3. By: Hanushek, Eric A. (Stanford University); Ruhose, Jens (Ifo Institute for Economic Research); Woessmann, Ludger (Ifo Institute for Economic Research)
    Abstract: Although many U.S. state policies presume that human capital is important for state economic development, there is little research linking better education to state incomes. In a complement to international studies of income differences, we investigate the extent to which quality-adjusted measures of human capital can explain within-country income differences. We develop detailed measures of state human capital based on school attainment from census micro data and on cognitive skills from state- and country-of-origin achievement tests. Partitioning current state workforces into state locals, interstate migrants, and immigrants, we adjust achievement scores for selective migration. We use the new human capital measures in development accounting analyses calibrated with standard production parameters. We find that differences in human capital account for 20-35 percent of the current variation in per-capita GDP among states, with roughly even contributions by school attainment and cognitive skills. Similar results emerge from growth accounting analyses.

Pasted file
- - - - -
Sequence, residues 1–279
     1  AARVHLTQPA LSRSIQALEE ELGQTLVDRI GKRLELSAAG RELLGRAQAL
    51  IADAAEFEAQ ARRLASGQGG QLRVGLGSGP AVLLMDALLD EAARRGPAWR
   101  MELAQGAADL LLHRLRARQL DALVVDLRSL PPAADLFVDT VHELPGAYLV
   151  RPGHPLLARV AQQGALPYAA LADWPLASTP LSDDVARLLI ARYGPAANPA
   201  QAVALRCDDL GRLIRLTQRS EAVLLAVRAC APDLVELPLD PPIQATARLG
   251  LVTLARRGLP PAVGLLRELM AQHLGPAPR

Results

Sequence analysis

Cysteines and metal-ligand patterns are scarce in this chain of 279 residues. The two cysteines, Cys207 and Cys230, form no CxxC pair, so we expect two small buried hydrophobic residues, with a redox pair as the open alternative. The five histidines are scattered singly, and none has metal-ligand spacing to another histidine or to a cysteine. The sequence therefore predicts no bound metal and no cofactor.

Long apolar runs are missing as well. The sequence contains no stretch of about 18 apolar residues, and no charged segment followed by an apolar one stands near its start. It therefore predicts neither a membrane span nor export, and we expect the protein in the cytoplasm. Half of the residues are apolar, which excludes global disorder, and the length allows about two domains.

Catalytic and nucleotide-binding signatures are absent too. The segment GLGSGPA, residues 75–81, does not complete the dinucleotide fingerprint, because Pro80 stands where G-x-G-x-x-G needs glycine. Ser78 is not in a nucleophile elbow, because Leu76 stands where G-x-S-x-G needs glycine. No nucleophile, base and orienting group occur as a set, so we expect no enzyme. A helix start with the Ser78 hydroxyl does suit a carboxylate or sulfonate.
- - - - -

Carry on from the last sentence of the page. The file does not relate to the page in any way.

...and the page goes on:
Keywords: economic growth, human capital, cognitive skills, schooling, U.S. states
    JEL: I25 O47 J24
    Date: 2015–06
    URL: http://d.repec.org/n?u=RePEc:iza:izadps:dp9130&r=ltv
  4. By: Yann Algan (Département d'économie); Pierre Cahuc (Department of Economics)
    Abstract: This survey reviews the recent research on trust, institutions, and economic development. It discusses the various measures of trust and documents the substantial heterogeneity of trust across space and time. The conceptual mechanisms that explain the influence of trust on economic performance and the methods employed to identify the causal impact of trust on economic performance are reviewed. We document the mechanisms of interactions between trust and economic development in the realms of finance, innovation, the organization of firms, the labor market, and the product market. The last part reviews recent progress to identify how institutions and policies can affect trust.
    Keywords: Trust; Growth; Economic Development; Institutions; Well-being
    JEL: O11 O43 Z13
    Date: 2014
    URL: http://d.repec.org/n?u=RePEc:spo:wpmain:info:hdl:2441/33o86cn6qp83dot08iir97915s&r=ltv
  5. By: Nybom, Martin (IFAU - Institute for Evaluation of Labour Market and Education Policy); Stuhler, Jan (Universidad Carlos III de Madrid)
    Abstract: Estimates of the most common mobility measure, the intergenerational elasticity, can be severely biased if snapshots are used to approximate lifetime income. However, little is known about biases in other popular dependence measures. We use long Swedish income series to provide such evidence for linear and rank correlations, and rank-based transition probabilities. Attenuation bias is considerably weaker in rank-based measures. Life-cycle bias is strongest in the elasticity; moderate in the linear correlation; and small in rank-based measures. However, with important exceptions: persistence in the tails of the distribution is considerably higher, and long-distance downward mobility considerably lower, than estimates from short-run income suggest.